Pop stars pick classics for 'Exile'

August 18, 1996|By BILLBOARD

For years, Keith Richards has indulged a habit not uncommon among rock and rollers: listening to classical music.

In fact, it was the Rolling Stones' publicly proclaimed taste for Mozart and Bach that helped inspire "Exile on Classical Street," an innovative attempt by London Records to get the younger set hip to the sounds of yesterday while raising money for the National Academy of Recording Arts and Sciences (NARAS) Foundation.

"Exile on Classical Street" is a compilation of the favorite classical pieces of a dozen of the world's biggest pop stars. Musicians from Paul McCartney to Bono, from Michael Stipe to Frank Sinatra, selected a diverse array of orchestral, chamber and vocal works that range from the baroque era to modern times.

The first artist to come on board the "Exile" project was Elvis Costello, a rocker well-known for his enthusiastic classical affiliations. Among his initial choices were a lament by Elizabethan lutenist John Dowland and a choral work by 20th-century composer Benjamin Britten. His final nod went to "Sposa Son Disprezetta," a Vivaldi song rendered by mezzo-soprano Cecilia Bartoli.

For Beach Boy Brian Wilson, there was only one choice, George Gershwin's "Rhapsody In Blue."

Other artists' picks on "Exile": from Richards, Mozart's Violin Concerto No. 4, third movement; from McCartney, the Courtly Dances from Britten's opera "Gloriana," in arrangements by guitarist Julian Bream; from Bono, the largo from Dmitri Shostakovich's String Quartet No. 8; from Stipe, Samuel Barber's Adagio for Strings; and from Sinatra, Claude Debussy's "Clair De Lune."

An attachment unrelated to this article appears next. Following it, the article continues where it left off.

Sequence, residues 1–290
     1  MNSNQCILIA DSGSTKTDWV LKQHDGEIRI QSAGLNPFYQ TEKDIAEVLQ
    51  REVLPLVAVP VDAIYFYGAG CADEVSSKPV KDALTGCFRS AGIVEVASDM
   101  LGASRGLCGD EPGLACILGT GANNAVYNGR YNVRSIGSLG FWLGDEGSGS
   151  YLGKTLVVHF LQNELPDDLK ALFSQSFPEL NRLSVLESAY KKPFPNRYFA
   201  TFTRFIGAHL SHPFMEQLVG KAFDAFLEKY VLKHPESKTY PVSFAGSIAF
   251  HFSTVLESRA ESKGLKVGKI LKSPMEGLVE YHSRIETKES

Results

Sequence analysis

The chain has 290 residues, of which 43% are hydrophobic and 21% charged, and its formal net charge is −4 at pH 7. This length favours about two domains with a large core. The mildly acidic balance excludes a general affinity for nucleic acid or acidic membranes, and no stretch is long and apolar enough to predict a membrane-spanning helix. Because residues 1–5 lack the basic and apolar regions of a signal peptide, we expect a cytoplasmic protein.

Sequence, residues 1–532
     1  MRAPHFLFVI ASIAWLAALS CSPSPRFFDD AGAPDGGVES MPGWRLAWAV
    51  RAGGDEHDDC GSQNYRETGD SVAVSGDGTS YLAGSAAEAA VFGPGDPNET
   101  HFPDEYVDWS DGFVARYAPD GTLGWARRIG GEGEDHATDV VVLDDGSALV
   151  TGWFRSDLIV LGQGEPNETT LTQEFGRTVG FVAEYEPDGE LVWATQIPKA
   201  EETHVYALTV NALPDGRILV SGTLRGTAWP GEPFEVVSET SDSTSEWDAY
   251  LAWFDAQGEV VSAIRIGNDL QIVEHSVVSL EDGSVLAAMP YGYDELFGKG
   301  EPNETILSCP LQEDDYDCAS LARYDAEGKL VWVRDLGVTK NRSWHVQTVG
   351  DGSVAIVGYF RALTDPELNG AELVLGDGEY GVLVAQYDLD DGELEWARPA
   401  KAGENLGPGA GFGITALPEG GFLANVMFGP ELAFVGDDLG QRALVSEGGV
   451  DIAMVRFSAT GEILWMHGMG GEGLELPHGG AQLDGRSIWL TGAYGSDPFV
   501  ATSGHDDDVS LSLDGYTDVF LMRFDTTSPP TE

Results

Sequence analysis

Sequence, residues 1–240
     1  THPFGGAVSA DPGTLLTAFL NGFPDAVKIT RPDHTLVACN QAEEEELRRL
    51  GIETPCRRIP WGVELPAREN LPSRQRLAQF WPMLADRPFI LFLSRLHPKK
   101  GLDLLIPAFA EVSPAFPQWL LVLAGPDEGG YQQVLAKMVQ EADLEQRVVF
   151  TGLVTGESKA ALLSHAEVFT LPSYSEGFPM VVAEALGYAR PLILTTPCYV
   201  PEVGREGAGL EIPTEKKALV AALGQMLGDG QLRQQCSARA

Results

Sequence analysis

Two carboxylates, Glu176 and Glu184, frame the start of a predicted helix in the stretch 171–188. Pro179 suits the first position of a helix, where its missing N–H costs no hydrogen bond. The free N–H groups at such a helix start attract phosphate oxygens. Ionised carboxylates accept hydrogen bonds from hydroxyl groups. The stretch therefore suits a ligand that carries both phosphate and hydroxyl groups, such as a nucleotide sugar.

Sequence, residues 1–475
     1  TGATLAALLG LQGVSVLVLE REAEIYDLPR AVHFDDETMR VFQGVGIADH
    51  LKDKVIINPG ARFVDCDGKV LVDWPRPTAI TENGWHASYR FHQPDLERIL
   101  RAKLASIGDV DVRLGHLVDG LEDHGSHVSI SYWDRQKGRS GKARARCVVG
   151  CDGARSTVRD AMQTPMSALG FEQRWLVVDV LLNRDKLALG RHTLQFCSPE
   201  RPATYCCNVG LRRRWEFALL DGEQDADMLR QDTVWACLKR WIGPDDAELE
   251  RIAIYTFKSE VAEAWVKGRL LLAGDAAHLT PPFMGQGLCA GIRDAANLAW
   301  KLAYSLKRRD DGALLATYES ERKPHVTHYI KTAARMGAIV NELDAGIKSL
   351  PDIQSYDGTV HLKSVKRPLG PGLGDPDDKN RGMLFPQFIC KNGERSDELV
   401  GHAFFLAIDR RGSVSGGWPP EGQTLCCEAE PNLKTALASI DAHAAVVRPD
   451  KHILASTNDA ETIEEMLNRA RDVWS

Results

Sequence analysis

Also included: from Aerosmith's Steven Tyler, "Ritual Fire Dance" by Manuel de Falla; from Marianne Faithfull, Richard Strauss' "Beim Schlafengehen," one of his Four Last Songs; and from Yes guitarist Trevor Rabin, an excerpt from Modest Mussorgsky's "Pictures at an Exhibition."

The performers on "Exile" include the Chicago Symphony Orchestra, the Borodin String Quartet, Itzhak Perlman and Kiri Te Kanawa. Maestros include Sir Georg Solti, Charles Dutoit, James Levine and David Zinman.

Pub Date: 8/18/96

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